Unless you’re Patrick Star and you live under a rock, you’ve heard about the new health care law that went into effect on October 1st, when public health care exchanges opened up to the uninsured public. This means that hundreds of thousands of Americans- whose lack of health insurance was driving up rates- will be able to get affordable health care and visit a doctor for the first time in years.
However, along with this landmark piece of legislation going into effect came the inevitable fight over its continued existence. As of September 13, the Republican controlled House of Representatives has voted to repeal The Affordable Care Act (henceforth known as Obamacare), 42 times, knowing that the repeal bill will be dead upon arrival at the Democrat controlled Senate. Ever since its passage on December 24th, 2009, shenanigans surrounding its implementation and possible repeal have been constantly floating around. It seemed to be the most controversial pieces of legislation that President Obama had ever passed.
But on June 28, 2012, in a 5-4 vote, the United States Supreme Court upheld the law, citing that “Because the Constitution permits such a tax, it is not our role to forbid it, or to pass upon its wisdom or fairness.” The fight over its constitutionality ended, but the arguments only seemed to increase.
When the threat of a government shutdown loomed, one party used this dark cloud as a bargaining chip for getting a budget passed. Delay, change, or repeal Obamacare, or the government shuts down, was the message sent to the President and the American people. That was literally the only reason an agreement couldn’t be met. The House would pass a bill that would avert the shutdown and cripple Obamacare, and the Senate would remove the Obamacare provision and send the almost identical bill back to the House.
The government did shut down, for 16 days, over a piece of legislation that has been held up by the Supreme Court, and passed by Congress back in 2009. The approval rating of Congress has hit a record low of 5%. Only 24% of Americans approve of Congressional Republicans, and an even lower 21% of Tea Partiers.
What are they all fighting over, exactly? What is it about Obamacare that the Republicans despise so much? Is it the fact that it puts us on the same playing field as other first world nations like Canada, the UK, and Germany, who all have functioning and rate-lowering free healthcare? (The healthcare in the United States is at a severely reduced rate under Obamacare, it is not free). Is it the fact that they don’t want 48.6 million uninsured citizens to get affordable health insurance?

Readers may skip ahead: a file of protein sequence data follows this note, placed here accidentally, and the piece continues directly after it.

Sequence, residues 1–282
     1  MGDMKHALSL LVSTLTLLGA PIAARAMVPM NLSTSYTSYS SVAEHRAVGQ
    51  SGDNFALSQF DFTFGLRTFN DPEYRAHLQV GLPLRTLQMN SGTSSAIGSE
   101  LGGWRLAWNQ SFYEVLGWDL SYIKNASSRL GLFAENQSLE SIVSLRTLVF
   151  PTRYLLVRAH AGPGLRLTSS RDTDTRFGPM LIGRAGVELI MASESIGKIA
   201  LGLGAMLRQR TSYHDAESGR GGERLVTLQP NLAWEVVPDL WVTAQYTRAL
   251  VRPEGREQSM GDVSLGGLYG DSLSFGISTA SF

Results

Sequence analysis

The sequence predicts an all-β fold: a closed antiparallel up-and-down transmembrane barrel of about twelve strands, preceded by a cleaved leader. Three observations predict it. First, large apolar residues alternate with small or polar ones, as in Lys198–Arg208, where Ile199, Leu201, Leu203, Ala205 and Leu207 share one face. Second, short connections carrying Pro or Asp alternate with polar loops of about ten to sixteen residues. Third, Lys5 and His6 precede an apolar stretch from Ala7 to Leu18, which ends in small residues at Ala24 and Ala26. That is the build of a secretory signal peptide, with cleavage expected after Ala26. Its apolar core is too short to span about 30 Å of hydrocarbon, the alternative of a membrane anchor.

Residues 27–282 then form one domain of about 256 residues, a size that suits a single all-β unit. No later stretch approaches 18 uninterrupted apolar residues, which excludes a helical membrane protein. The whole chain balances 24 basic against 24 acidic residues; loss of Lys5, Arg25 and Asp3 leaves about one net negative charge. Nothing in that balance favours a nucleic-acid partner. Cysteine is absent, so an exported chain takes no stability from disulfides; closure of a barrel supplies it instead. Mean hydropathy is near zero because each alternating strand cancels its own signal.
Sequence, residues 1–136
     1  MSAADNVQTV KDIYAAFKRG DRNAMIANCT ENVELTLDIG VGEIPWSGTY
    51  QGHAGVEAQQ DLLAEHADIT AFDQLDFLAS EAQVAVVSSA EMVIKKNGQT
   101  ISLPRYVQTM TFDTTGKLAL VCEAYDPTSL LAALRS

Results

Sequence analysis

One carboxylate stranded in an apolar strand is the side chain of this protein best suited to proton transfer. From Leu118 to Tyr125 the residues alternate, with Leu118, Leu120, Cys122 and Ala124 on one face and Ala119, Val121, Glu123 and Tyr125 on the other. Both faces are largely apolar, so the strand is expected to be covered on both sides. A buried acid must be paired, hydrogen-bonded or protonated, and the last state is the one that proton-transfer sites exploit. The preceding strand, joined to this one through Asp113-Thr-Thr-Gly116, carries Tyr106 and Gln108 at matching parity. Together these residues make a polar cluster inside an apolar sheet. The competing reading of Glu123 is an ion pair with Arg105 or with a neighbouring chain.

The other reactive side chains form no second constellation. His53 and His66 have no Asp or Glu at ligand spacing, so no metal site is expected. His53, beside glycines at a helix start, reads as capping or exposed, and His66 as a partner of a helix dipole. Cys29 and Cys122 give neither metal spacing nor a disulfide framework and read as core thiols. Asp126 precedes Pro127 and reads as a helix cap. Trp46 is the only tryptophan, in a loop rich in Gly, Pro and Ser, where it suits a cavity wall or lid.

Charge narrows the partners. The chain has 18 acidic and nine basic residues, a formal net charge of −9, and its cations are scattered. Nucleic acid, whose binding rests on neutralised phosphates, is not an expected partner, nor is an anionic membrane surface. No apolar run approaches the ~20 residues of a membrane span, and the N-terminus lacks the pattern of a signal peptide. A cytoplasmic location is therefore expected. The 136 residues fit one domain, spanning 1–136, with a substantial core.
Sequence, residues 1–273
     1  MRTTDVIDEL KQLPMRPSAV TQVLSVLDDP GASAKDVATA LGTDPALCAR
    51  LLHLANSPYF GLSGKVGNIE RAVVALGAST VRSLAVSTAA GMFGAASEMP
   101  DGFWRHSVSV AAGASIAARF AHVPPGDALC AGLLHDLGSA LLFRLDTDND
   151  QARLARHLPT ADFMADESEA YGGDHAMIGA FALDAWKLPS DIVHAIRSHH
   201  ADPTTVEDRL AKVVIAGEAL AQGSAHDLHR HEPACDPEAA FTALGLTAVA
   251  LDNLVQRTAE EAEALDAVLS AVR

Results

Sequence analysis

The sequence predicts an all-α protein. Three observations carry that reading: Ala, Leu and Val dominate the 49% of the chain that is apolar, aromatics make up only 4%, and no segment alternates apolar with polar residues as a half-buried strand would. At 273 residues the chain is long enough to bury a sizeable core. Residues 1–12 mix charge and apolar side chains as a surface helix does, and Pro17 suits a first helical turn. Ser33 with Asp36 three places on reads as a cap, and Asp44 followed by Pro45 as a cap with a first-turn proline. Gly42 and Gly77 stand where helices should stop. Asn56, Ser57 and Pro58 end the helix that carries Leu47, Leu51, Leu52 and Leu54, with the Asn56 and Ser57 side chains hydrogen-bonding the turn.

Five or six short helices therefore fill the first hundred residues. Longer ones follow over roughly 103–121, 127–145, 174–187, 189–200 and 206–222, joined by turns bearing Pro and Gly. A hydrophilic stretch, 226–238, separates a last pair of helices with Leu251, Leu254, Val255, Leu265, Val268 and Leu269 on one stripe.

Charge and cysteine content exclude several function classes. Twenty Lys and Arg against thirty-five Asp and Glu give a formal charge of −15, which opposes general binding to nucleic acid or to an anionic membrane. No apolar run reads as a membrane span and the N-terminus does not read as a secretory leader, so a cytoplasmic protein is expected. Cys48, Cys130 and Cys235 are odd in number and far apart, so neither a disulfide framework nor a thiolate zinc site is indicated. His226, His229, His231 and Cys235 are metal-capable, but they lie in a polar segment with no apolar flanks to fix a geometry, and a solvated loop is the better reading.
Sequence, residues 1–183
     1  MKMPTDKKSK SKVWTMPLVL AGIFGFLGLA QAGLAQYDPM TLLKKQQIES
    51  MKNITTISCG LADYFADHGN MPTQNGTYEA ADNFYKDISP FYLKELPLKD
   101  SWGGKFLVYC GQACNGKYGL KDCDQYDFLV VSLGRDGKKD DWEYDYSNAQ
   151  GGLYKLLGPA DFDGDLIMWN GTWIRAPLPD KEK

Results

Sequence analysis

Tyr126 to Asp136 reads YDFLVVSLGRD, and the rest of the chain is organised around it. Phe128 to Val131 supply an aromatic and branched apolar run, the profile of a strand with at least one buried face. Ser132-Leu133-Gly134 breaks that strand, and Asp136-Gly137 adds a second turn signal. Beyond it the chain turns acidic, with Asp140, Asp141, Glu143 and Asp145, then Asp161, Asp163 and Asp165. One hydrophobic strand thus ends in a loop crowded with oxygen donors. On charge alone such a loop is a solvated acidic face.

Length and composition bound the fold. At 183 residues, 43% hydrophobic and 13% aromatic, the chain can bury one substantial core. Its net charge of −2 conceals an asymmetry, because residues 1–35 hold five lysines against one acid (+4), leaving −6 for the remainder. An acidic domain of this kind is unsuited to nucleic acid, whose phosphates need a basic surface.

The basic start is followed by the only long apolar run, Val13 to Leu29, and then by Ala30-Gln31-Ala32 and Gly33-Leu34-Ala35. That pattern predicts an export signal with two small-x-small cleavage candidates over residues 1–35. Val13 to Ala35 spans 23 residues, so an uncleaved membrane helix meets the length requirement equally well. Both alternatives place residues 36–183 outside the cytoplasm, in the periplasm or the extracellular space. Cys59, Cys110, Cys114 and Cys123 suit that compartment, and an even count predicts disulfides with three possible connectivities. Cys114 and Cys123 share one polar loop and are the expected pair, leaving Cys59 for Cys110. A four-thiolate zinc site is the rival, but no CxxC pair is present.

Let’s talk about what Obamacare does.
- If you already have insurance, you get to keep it. Period.
- Preexisting conditions will not be a cause for denial of insurance. This means that people like my father, who survived throat cancer, will never be denied heath coverage should he lose his job and have to find insurance away from his employer.
- All plans must offer comprehensive coverage. Under Obamacare, there will no longer be such thing as being “underinsured.”
- Currently, hospital rates are hiked up because of hospital compensation for the uninsured who come into a hospital, cannot pay, but under the law cannot be denied treatment. When everyone is insured, prices should fall.
- States can choose to set up their own Healthcare exchanges, or go with the government’s version
- If you don’t get healthcare, you will be required to pay a small fine on your taxes every year
- There are no “death panels” or Muslim exemptions or healthcare rations. (Read the full list of Obamacare myths here)
It isn’t even a “government takeover” of health care, as some have claimed. As PolitiFact says, “Government takeover” conjures a European approach where the government owns the hospitals and the doctors are public employees.” But the law that Congress passed back in 2009 relies largely on the free market. The law does significantly increase regulation of health insurers by keeping prices low and getting rid of denials based on preexisting conditions. But the law at heart, relies on private companies for the health care and the free market. The majority of Americans will continue to get coverage from private insurers.
There have been some hiccups in the new online exchanges, but those shall easily be fixed. Hundreds of people have already gotten insurance through the individual state exchanges, and thousands are still to follow. Finally, the right to be healthy is being enforced in this country.
Get over it, congress. Keep the government open, get back to work, and stop fretting over a fight you’ve already lost. You know who won? The millions of uninsured americans, who will not thank you for your stubbornness at the polls next November. In 20 years, your rallying cry will be, Don’t touch my social security. Don’t touch my Medicare. And whatever you do, congress, don’t touch my Obamacare.
Decker, Cathleen. “NBC News/Wall Street Journal Poll Adds to Republican Shutdown Woes.” LA Times. N.p., n.d. Web. 14 Oct. 2013.
Drobnic Holan, Angie. “Top 16 Myths about the Health Care Law.” PolitiFact. Tampa Bay Times, n.d. Web. 14 Oct. 2013.
“How Does the Affordable Care Act Help People like Me?” HealthCare.gov. N.p., n.d. Web. 14 Oct. 2013.
“U.S. Health Insurance Survey: 84 Million People Were Uninsured for a Time or Underinsured in 2012.” ScienceDaily. ScienceDaily, 26 Apr. 2013. Web. 14 Oct. 2013.